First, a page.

As I wrote this list, I cringed at a few items. I have a list of important and time-consuming tasks I keep putting off because other things seem more urgent and easier to complete. I’ll check in again later once I’ve followed my own advice on those things!
Did anything on my “advice” list resonate with you particularly? If you were giving advice, what would you add to my list? Please comment and include your age.
Many assume that erotic writers are young people who write about young characters, but more and more people over 60 are discovering the joy of erotic writing.
Why? When we write sexy stories, we recapture peak moments in our lives. We can conjure all kinds of sensory details that make the story vivid. Or we can imagine an encounter we never had and bring it to life as a fictional story. We realize our desires in a safe space. Anything is possible on the page!
Erotic writing reminds us that we are sexy at every age. As we play with words, we push back on social assumptions about older people and sex. The very act of creating a story is sexy.
Reading erotica created by others our age is also fun, and a great inspiration. Some examples I love:
- Dorothy Freed published her sexual memoir, Perfect Strangers, at age 75.
- Joan Price edited a collection called Ageless Erotica, featuring writers Dorothy’s age and older.
- Free Fall by Rae Padilla Francoeur is a fabulously well written erotic memoir with an older heroine.
You’ll find more examples on my website, www.stellafosse.com. These books are enjoyable, and you can even use favorite sentences from their stories as writing prompts for yours.
If you experiment with erotic writing — and please do! — it is important to keep a playful and relaxed attitude about what you write. Even for longtime authors, first drafts are just a place to try things out. So pat yourself on the back for being brave, and write without judging.
Now let’s give it a try!
Recall an especially sexy experience in your life. It could have happened yesterday or twenty years ago. Remember it with all your senses:
- What was the other person’s aroma?
- How did it feel to touch them and for them to touch you?
- What did you say to one another, and what other sounds did you make?
- What did you especially love about the other person’s appearance?
- What about the circumstances: What was going on in your lives that made this moment memorable?
On your first writing day, take just ten minutes and begin to write what you remember. If some aspect of the experience eludes you, feel free to make it up as you go.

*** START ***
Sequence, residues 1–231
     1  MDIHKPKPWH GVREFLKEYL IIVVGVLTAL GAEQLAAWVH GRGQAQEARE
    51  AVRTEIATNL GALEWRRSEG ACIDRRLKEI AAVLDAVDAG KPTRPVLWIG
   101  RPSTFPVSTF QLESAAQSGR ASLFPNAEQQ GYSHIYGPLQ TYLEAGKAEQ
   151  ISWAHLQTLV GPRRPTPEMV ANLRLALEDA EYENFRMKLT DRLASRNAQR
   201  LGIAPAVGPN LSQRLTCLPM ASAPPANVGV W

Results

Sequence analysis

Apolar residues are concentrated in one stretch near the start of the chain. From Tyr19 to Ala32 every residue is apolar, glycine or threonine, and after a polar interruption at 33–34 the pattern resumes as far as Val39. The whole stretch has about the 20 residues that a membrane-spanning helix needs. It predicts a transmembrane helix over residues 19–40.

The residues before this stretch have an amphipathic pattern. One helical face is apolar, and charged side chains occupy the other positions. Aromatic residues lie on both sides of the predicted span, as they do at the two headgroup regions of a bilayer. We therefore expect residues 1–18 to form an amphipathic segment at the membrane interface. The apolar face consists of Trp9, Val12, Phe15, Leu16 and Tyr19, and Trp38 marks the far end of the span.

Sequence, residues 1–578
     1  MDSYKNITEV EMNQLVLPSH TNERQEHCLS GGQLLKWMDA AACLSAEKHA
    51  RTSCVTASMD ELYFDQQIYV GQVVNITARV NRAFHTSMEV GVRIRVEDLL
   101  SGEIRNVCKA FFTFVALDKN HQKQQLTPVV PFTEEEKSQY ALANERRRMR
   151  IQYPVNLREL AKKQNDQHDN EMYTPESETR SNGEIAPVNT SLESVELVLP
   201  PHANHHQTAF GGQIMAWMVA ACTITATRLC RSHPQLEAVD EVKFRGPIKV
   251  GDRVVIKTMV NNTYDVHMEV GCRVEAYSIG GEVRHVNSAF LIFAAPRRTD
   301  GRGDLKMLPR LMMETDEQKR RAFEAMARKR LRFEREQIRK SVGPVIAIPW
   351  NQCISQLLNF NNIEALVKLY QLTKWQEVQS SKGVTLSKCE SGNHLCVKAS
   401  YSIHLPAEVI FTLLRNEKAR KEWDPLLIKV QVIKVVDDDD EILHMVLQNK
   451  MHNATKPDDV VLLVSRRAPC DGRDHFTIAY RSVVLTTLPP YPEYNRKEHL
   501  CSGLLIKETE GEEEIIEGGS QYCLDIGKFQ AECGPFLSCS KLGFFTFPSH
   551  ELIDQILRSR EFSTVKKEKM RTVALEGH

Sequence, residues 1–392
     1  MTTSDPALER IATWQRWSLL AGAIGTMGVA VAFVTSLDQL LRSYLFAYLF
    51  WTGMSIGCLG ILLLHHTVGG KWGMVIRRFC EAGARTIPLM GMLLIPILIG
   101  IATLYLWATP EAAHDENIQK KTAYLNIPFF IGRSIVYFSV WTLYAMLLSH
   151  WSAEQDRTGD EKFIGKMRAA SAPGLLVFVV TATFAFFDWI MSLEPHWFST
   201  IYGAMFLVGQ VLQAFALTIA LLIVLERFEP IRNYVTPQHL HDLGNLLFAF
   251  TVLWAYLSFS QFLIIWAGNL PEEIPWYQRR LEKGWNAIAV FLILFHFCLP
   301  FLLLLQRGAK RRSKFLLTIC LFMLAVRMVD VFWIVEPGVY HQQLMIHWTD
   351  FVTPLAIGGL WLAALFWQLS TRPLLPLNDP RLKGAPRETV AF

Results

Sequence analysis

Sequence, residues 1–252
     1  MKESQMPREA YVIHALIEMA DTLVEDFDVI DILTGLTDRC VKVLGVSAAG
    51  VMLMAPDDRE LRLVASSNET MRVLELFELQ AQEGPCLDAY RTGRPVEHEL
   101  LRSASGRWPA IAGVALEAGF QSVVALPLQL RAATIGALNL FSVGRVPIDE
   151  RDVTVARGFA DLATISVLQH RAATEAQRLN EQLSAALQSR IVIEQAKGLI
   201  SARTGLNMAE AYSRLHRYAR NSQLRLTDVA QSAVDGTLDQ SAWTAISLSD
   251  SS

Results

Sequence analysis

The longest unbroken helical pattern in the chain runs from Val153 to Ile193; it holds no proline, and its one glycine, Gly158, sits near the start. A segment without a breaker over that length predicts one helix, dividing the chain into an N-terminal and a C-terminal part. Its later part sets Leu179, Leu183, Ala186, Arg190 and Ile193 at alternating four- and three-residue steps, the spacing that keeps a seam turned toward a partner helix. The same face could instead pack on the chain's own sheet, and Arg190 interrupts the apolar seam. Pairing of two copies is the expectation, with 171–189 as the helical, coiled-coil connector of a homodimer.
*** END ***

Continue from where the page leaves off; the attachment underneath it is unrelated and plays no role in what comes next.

The next day, write for ten more minutes about that experience. If you keep writing for ten minutes each day, soon you will have a complete draft of an erotic story that you can look back upon and savor.
I hope you will try writing erotica, and that it brings you much joy.
– Stella Fosse is an erotica writer, the author of Aphrodite’s Pen: The Power of Writing Erotica after Midlife, and a late bloomer whose erotic life blossomed in her late 50s. Access a free story writing course from Stella here.
The Vagina Bible: The Vulva and the Vagina—separating the Myth from the Medicine by gynecologist Jennifer Gunter is a lively, educational guide separating information from misinformation, presented in a clear, smart, sassy style.
“There’s a lot of money in vaginal shame,” writes Jen Gunter. She is known as the clever and outspoken OB/GYN on Twitter (@DrJenGunter—follow her!) who challenges celebrities and companies trying to sell us unneeded (and sometimes harmful) solutions for invented problems. She rips their claims and substitutes solid facts. All of this book is educational, revealing, and empowering. Examples:
- “[T]he other problem with doctors not asking about sex is women who have medical conditions that interfere with their sex life, typically conditions that cause pain with sex, end up minimized. Many women suffer for years not realizing they have a medical problem that has a diagnosis and treatment.”
- “It is hard to overestimate the damage done by Sigmund Freud in popularizing the myth of the vaginal orgasm. Only one third of women are capable of achieving orgasm with penile penetration alone…so the idea that everyone should be having orgasms this way results in two thirds of women believing there is something wrong with their sexual wiring when really they are perfect. Not orgasming with unassisted penile penetration is not a flaw, it’s a feature.”
- “MRI studies looking at anatomy during heterosexual sex reveal that the clitoris can be compressed by the penis, which is why some women can orgasm with penile penetration.”